As a critic, Morales was regarded as more formal than personal, his unfailing eloquence proving well-suited not least to the reviews of the Swedish and international music scenes that he wrote every year during his secretaryship of the Kungliga Musikaliska akademien and summarised in two ten-year chronicles. His belief in the ethical significance of music is also manifest in his Handbok i dirigering (1946). His own appearances on the podium gradually became less frequent over the years, although he made regular appearances as a conductor in Scandinavia, Germany and Switzerland, and was a guest of the Swedish orchestral societies that he was charged with ‘inspecting’. His passionate piano playing came to be increasingly devoted to accompanying his wife Clary (1876−1959), who was a prominent singer of art songs.

Olallo Morales died on 29 April 1957 in Tällberg in central Sweden, where he had leased then purchased a property, after having made the acquaintance of Hugo Alfvén. 

Works

Given all the practical, administrative and teaching positions Olallo Morales held, it is hardly surprising that he was not always able to devote his time to composing. But in what was therefore a relatively modest oeuvre there are a number of important orchestral works and countless piano works and songs.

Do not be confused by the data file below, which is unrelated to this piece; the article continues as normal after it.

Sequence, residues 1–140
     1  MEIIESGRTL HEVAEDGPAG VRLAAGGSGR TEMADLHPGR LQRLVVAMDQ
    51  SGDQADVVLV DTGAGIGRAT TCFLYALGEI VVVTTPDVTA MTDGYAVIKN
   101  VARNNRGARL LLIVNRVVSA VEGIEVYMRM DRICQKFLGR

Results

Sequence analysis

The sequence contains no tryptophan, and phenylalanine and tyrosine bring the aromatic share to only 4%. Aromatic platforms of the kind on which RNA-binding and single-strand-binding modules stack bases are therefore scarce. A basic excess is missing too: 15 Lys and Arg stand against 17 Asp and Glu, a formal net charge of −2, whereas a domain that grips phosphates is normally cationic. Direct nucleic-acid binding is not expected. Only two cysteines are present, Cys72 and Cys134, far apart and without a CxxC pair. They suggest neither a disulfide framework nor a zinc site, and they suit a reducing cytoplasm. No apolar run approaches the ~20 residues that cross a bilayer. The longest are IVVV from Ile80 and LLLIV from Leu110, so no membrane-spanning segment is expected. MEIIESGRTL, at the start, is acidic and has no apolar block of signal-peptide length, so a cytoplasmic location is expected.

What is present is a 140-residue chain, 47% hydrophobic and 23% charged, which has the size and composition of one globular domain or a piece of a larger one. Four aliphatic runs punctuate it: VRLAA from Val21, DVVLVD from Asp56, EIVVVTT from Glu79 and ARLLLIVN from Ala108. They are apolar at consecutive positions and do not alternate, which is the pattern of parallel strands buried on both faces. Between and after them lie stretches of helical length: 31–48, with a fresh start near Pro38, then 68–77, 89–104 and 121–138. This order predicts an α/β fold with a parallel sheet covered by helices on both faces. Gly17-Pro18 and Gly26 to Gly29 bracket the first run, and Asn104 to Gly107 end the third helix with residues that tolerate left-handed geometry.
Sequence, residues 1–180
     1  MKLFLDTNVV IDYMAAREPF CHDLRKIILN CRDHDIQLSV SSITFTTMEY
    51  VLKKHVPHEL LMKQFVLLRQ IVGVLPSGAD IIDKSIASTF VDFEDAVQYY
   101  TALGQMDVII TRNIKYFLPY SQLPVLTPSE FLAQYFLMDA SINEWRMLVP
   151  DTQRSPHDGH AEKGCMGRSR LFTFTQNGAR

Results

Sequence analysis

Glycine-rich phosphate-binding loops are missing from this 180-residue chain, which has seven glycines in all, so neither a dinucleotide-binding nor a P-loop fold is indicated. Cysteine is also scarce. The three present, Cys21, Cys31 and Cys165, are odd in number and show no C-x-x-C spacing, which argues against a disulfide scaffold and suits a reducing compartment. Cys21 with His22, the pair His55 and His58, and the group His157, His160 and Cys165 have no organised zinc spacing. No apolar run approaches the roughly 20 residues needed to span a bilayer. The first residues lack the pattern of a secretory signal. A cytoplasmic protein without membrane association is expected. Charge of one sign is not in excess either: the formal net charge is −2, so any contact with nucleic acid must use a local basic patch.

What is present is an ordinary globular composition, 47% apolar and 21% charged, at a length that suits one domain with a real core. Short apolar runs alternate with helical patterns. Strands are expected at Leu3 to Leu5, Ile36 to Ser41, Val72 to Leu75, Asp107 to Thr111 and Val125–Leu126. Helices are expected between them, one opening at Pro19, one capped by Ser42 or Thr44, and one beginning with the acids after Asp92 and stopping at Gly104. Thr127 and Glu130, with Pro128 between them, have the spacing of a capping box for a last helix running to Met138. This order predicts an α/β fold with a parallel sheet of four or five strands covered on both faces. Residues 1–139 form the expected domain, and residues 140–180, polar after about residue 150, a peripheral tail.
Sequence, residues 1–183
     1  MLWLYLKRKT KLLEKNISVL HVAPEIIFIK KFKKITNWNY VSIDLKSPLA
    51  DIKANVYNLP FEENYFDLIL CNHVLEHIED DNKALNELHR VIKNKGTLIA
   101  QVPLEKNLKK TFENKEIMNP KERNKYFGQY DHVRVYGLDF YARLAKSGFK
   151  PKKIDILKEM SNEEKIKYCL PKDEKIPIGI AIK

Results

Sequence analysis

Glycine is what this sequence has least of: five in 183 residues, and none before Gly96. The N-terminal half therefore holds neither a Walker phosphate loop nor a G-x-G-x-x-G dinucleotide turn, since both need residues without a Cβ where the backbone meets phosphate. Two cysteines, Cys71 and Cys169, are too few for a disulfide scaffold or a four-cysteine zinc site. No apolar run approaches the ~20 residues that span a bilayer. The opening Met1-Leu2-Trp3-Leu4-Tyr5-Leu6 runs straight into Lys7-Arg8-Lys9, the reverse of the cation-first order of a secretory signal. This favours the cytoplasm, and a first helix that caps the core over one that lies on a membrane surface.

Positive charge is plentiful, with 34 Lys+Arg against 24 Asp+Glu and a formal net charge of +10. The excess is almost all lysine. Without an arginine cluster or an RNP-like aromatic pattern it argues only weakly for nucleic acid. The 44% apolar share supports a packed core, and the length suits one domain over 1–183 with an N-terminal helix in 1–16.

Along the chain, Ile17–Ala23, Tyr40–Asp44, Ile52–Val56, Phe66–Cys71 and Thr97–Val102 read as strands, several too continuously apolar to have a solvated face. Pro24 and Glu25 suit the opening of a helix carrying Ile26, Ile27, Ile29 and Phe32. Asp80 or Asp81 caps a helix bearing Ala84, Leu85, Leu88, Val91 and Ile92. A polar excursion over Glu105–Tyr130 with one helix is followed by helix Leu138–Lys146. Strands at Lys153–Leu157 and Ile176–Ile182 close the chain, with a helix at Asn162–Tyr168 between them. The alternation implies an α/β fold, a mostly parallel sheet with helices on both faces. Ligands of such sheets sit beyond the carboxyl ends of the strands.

The early works

The earliest piano works display a natural sensitivity towards timbre and a rather free appropriation of the prevailing late-romantic style, characteristics that are most explicitly vented in a six-movement Suite containing alternate dance and character pieces and a large format sonata. A contemporaneous string quartet and an orchestral serenade are almost classically orientated, while a four-movement G minor symphony from 1901 offers bolder strokes with pronounced dynamic intensity and a freer harmonic language. While there are also the beginnings of a Nordic sound, the work, though orchestrally unbalanced here and there, is mainly interesting for its fresh ideas, its natural drive and its formal autonomy.